As parents, it is hard not to feel helpless … or if we are honest, ready to take someone down, when reading these statistics and hearing first-hand accounts of the realities of daily school life for many young women. But before you get in your car to drive to your daughter’s school, take a breath, because there is some good news and you can help.
Change is Possible
That’s right. There is hope and a significant amount of it too. There are many experts and professionals working hard to change this culture. For example, Nan Stein, a well-regarded researcher in this area for preteens and teens, has developed programs that are proving to be effective in significantly decreasing sexual harassment and violence in our schools.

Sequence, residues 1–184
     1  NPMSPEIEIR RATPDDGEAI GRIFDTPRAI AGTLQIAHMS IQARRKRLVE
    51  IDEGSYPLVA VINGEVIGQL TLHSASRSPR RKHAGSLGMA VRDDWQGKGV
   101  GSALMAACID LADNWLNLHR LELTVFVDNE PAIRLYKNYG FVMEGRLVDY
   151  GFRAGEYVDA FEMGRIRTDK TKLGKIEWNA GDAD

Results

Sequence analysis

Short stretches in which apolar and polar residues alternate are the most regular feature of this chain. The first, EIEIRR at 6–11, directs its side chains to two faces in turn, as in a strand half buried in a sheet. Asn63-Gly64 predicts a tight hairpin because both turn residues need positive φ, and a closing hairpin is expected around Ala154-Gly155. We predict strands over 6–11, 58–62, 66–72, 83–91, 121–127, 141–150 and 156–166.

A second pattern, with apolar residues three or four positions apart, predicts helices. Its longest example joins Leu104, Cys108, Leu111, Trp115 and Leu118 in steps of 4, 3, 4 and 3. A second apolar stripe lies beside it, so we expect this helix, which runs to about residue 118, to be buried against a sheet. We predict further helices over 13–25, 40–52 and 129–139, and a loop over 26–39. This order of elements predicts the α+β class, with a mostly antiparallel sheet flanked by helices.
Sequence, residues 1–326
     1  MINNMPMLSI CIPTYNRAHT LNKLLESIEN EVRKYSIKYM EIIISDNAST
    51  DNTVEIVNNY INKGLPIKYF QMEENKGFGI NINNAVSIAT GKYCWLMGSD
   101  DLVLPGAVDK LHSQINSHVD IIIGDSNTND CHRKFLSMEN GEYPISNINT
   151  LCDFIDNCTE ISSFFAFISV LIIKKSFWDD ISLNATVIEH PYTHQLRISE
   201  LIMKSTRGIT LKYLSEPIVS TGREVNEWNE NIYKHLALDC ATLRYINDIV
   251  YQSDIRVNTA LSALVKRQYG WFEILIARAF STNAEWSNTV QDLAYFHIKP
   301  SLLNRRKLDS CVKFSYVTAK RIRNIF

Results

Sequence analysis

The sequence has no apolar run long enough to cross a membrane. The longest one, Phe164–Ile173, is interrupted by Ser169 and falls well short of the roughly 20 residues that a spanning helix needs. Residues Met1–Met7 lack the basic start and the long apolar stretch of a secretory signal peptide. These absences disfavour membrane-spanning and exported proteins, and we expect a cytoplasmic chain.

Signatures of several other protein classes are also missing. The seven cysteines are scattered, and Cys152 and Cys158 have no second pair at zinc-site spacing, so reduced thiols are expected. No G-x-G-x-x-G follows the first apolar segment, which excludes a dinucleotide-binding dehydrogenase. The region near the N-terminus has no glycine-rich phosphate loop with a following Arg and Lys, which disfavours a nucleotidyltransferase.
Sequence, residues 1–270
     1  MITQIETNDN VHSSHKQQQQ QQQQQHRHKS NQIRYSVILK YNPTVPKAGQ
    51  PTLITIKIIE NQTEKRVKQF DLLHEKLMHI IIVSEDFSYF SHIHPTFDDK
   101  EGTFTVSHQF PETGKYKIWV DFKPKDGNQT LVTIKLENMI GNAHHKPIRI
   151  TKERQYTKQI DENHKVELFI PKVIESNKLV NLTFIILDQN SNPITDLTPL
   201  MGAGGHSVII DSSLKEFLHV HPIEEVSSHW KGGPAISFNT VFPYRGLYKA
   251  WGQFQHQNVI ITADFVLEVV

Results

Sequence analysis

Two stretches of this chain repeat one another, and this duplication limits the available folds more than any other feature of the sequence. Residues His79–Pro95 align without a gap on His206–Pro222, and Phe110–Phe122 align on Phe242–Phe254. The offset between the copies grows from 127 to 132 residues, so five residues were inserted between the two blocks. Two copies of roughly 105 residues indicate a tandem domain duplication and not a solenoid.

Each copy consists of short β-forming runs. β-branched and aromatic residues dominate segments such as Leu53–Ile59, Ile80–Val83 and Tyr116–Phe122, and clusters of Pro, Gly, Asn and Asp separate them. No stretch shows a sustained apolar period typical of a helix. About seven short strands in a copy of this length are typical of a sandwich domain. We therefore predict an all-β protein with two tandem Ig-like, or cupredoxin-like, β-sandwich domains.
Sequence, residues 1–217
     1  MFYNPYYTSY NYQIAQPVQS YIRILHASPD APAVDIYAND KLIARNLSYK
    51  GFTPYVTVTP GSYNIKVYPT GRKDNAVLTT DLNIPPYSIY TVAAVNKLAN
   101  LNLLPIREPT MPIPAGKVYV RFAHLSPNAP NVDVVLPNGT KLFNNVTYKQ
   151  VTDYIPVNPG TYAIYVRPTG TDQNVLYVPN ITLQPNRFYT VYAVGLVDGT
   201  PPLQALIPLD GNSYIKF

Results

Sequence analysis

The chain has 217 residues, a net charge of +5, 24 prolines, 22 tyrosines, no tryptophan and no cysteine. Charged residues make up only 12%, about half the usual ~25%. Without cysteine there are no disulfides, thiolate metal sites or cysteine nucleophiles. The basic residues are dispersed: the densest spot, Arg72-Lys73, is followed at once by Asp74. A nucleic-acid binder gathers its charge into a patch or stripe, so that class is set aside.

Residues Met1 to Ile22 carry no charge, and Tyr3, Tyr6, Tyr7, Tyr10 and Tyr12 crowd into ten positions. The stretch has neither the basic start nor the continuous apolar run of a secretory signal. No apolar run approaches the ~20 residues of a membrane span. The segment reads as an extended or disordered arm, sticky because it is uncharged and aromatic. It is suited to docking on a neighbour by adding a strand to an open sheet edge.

Building safety practices provide the biggest positive impact: temporary school-based stay-away orders, assignment of school faculty and safety personal to monitor unsafe areas, and the use of posters for education. In conjunction with building safety, a classroom curriculum adds to the reduction of sexual harassment and violence. Topics covered in the classroom emphasize consequences to the harasser, communicating boundaries, and the role of the bystander.[ii]
And most importantly, students have suggestions too – allowing them to anonymously report a problem was at the top of their list. Also high on teens’ lists are enforcing policies and punishing harassers.[iii]